|Inside this issue
Awards & Recognition • Gateway to the West
|Biological engineering major ‘pays it forward’
In this season of giving, Sarah Herrington finds that giving to others offers personal rewards in ways she never imagined. Herrington, a senior in biological engineering, wasn’t sure how her degree could help her help others until she returned to the states after a volunteer trip to Peru. Herrington became sick with a 102-degree fever. The doctor told her the illness was a result of bug bites she contracted while in Peru.
“I went to the doctor and he prescribed tetracycline, which is a $5 drug in America. Within two days I was better.” That’s when Herrington realized, “Here I can take a drug that is $5 and I’m cured in two days and this little kid in Peru got a 102-degree fever and untreated it has a 60 percent chance of killing you. They don’t get medical treatment over there and so stuff like that really hit home when I came back.”
After recovering and returning to her classes at State is when Herrington and her friend got to thinking about how they could apply their biological engineering knowledge to help other countries deliver medical care to people who live in poverty.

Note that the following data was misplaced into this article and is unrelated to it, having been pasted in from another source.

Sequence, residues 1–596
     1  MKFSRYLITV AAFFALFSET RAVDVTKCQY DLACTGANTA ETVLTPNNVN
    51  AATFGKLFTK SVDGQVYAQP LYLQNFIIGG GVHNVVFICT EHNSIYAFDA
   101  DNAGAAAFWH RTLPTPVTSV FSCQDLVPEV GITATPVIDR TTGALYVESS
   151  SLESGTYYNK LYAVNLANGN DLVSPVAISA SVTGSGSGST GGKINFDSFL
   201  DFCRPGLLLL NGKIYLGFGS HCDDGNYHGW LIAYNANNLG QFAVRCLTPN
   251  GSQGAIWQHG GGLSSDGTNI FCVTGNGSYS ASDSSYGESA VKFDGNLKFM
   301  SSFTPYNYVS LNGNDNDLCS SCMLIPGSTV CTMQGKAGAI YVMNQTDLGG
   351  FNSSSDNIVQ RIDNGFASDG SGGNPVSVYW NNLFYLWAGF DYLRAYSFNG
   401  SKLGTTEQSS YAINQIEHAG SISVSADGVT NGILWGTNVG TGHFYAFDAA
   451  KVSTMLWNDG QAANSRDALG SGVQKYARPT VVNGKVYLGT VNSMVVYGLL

“Since I’ve come back, I have a heart for overseas and I’m trying to decide what to do with that. One of my friends told me she had a heart for Africa and that she wanted to simplify medical devices for third world countries. That got me really excited,” explained Herrington. "I asked her if we could modify that plan for South America and she laughed and said, ‘Well, I’m going to go to Africa and you can go to South America and we can have a business partnership while were in the United States.’”
Whether or not Herrington and her friend will live out their dreams is a story yet to be told, however one thing is certain, they both have a charitable spirit and the attitude of giving is the first step in making the world a better place.
Story by: Diane L. Godwin